Read the Passage: Ephesians 6:10–24
Spiritual Warfare (6:10–13)
After giving specific teaching on marriage and family, as well as on vocation, Paul turns at the end of his letter to the Ephesian church to address the topic of spiritual warfare. In Eph. 6:10–20 Paul explains that while believers already have victory over Satan through the cross of Christ, in our present earthly lives, temptation to sin will persist. Indeed, all Christians can testify to this truth, and there are many instances in Scripture of God’s people being tempted. In addition to Paul’s own temptation (cf. 2 Cor. 12:7–10), significant examples of others being tempted in the Bible include: Joseph (cf. Gen. 39:7), Job (cf. Job 2:9), and even Jesus (cf. Matt. 4:1–11). Indeed, Satan’s attacks on mankind are many and varied, and can be briefly summarized as relating to the world (i.e., money, riches, or lust of the eyes), the flesh (i.e., sex, youth, or lust of the flesh), and the devil (i.e., power, manipulating, or pride of life).
Paul continues his instructions about spiritual warfare, noting at Eph. 6:12, “We do not wrestle against flesh and blood, but against principalities, against powers, against the rulers of the darkness of this age, against spiritual hosts of wickedness in the heavenly places” (cf. Eph. 1:21; 3:10). Some have suggested that Paul’s reference to principalities, powers, rulers, and spiritual hosts here are strata or a hierarchy of demons. Although this could be the case, Paul’s point in this passage is not to give a taxonomy of the demonic realm, but to teach that since the battle in which believers are engaged is ultimately spiritual in nature, it must be fought by spiritual means. Indeed, since the fall, man has been living in an “evil day” (Eph. 6:13); therefore, followers of Christ must be vigilant, alert, and proficient in the use of the spiritual weapons at their disposal, which includes Scripture, faith, and prayer.
Armor of God (6:14–20)
Using the picture of a Roman soldier’s weapons, in Eph. 6:14–17 Paul gives details about what he refers to twice in this passage as “the whole armor of God” (Eph. 6:10, 13). Here Paul identifies six pieces of armor: belt, breastplate, shoes, shield, helmet, and sword. Note the first three items listed were always worn by Roman soldiers who were on duty; the last three were kept at hand, but only worn by soldiers who were going to battle. The items that were continually worn speak to a believers’ identity, as the belt represents truth (cf. John 14:6; 2 Tim. 2:15), the breastplate depicts righteousness (cf. 2 Cor. 5:21; Phil. 3:9), and the shoes symbolize peace (cf. John 14:27; Rom. 5:1). The last three pieces of armor are what believers use as they engage in spiritual warfare in the fallen world. Note all these spiritual gifts are given to believers by Jesus and each one is communicated via Scripture.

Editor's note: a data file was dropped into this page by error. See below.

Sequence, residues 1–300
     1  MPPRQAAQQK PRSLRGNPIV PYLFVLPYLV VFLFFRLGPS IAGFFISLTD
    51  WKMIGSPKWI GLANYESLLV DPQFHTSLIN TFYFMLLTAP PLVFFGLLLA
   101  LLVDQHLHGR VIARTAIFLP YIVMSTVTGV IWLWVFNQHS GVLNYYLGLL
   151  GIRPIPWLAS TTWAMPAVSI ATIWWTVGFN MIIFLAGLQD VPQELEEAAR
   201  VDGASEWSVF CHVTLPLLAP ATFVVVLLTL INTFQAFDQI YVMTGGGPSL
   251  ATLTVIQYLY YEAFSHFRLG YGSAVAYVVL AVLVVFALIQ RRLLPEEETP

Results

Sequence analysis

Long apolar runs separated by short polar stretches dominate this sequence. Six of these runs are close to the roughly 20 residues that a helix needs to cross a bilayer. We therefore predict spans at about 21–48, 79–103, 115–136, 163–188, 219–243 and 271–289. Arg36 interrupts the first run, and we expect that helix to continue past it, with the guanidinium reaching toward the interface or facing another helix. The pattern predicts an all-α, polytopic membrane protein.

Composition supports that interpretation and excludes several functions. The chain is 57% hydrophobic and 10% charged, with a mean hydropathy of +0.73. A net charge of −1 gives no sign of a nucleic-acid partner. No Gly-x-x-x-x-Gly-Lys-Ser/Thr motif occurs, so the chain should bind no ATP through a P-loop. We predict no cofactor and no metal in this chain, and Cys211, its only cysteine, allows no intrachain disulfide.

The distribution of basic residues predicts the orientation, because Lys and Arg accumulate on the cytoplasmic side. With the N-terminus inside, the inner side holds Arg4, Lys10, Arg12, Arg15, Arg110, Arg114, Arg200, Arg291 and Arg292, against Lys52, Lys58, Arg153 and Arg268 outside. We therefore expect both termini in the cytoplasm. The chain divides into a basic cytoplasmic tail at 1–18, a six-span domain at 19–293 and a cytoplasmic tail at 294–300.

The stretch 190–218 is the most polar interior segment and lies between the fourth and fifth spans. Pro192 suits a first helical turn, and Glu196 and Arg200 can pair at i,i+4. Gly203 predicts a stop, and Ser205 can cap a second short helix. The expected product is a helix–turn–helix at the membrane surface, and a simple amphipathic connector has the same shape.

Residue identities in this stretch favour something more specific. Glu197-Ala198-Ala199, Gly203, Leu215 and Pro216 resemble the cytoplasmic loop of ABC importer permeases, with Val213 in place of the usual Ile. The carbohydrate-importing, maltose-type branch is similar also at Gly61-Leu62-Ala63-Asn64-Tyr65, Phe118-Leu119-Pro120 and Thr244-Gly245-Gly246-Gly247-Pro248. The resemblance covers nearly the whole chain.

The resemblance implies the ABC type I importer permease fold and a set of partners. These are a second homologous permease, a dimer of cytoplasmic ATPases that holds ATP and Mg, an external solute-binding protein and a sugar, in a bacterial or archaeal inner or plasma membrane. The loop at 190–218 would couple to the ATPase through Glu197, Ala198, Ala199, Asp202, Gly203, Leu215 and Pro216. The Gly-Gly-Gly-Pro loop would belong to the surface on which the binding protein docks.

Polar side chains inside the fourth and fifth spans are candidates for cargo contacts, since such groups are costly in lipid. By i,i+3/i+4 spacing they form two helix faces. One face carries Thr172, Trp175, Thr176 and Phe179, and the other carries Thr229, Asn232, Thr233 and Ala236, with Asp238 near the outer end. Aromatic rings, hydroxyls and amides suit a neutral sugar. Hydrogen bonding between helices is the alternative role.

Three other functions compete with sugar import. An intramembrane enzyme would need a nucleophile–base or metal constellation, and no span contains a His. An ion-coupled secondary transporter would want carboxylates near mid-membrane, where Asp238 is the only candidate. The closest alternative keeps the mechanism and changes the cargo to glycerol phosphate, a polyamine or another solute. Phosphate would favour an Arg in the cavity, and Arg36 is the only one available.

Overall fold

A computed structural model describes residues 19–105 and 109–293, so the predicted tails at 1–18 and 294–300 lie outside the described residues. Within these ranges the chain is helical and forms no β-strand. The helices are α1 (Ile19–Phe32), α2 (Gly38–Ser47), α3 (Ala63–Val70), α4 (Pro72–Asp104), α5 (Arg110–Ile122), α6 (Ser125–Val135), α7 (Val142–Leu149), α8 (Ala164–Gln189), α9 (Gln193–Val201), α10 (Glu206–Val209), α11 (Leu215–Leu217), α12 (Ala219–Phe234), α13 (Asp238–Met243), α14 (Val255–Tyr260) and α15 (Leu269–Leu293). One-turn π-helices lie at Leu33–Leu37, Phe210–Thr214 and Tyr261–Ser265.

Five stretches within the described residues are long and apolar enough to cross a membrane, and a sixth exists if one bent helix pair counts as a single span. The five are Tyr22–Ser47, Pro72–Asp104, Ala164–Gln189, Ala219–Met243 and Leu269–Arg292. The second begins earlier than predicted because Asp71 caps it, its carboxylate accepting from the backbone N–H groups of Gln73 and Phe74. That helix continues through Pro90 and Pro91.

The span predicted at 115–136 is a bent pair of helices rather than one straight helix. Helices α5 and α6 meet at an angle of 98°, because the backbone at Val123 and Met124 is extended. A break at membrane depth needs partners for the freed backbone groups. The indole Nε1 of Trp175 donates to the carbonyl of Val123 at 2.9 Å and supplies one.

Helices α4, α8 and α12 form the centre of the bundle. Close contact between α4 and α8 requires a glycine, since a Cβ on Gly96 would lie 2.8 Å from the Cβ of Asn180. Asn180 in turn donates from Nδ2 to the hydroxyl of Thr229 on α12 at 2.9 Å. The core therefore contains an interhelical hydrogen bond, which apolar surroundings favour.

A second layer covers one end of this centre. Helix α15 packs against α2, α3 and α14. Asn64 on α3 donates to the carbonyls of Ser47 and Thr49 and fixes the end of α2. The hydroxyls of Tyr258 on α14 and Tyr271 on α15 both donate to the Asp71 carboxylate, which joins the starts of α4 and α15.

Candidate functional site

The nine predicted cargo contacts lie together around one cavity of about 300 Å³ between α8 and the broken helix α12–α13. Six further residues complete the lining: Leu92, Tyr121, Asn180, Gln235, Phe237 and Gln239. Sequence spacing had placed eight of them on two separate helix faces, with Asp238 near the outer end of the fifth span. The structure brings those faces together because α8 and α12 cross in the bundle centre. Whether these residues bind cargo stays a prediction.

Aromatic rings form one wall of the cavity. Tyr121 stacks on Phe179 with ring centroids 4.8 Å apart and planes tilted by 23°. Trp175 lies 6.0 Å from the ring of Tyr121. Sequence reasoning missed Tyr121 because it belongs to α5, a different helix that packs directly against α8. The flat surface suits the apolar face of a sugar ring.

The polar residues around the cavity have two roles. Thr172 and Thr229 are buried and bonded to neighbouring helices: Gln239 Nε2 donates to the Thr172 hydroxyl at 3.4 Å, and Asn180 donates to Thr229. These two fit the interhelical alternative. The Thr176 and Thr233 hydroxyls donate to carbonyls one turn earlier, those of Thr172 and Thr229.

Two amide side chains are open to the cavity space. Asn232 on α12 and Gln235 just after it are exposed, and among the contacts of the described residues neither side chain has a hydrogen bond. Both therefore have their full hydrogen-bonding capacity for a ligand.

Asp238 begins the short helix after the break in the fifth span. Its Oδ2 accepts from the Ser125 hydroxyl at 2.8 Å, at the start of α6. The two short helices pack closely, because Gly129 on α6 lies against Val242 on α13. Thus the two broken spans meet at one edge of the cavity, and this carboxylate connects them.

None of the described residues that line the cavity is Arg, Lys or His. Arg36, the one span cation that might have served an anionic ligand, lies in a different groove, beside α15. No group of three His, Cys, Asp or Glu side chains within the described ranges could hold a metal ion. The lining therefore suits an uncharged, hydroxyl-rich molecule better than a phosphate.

In Eph. 6:18–20 Paul gives instructions about prayer. First, Paul mentions the frequency of prayer, as he refers to “praying always” (Eph. 6:18a; cf. 1 Thess. 5:17). Second, Paul writes about the breadth of prayer, as he refers to “all prayer and supplication” (Eph. 6:18b; cf. 1 Pet. 5:7). Third, Paul notes the manner of prayer, as he refers to praying “in the Spirit” (Eph. 6:18c; cf. Jude 1:20). Then, in Eph. 6:19–20, Paul asks for prayer for himself. Although Paul was in prison as he wrote (cf. Eph. 6:20), it is noteworthy that he did not ask believers to pray for his release. Rather, Paul requested prayer “that utterance may be given to me, that I may open my mouth boldly to make known the mystery of the gospel” (Eph. 6:19). Indeed, being content in Christ, Paul understood that the gospel could go forth, and his ministry could be effective, whether he was free or in chains (cf. Phil. 1:12–14; 4:11–13).
Personal Greeting (6:21–24)
In Eph. 6:21–24, Paul concludes his letter with a personal greeting. In this brief greeting Paul mentions “Tychicus, a beloved brother and faithful minister in the Lord” (Eph. 6:21), who likely carried this epistle to the city of Ephesus. Although Tychicus is not as well-known as Timothy or Titus, he was a trusted ministry partner of Paul. Tychicus was likely a Gentile convert from Asia minor, and he is mentioned five times in the New Testament (cf. Acts 20:4; Eph. 6:21; Col. 4:7; 2 Tim. 4:12; Titus 3:12). Just as Paul had begun this letter bestowing grace and peace upon the church (cf. Eph. 1:2), so here he ends this epistle wishing the believers in Ephesus grace and peace. Paul’s benediction reads, “Peace to the brethren, and love with faith, from God the Father and the Lord Jesus Christ. Grace be with all those who love our Lord Jesus Christ in sincerity. Amen” (Eph. 6:23–24).
- What are some common ways in which Christians are tempted? In what areas of your life are you most vulnerable to temptation and sin?
- If believers have already won “the victory through our Lord Jesus Christ” (1 Cor. 15:57; cf. Heb. 2:14–15), why do Christians still experience spiritual warfare?
- Who are the principalities whom Paul mentions three times in this book (cf. Eph. 1:21; 3:10; 6:12)? It is wise for believers to seek out spiritual battles (cf. Jude 9)?
- Do you think most Christians take seriously the fact that they live in a fallen world that is hostile to Christianity and is externally ruled by the lost?
- What is the best motivation to pray? Why did Paul not ask for prayers for his own release from prison? How can we pray more effectively?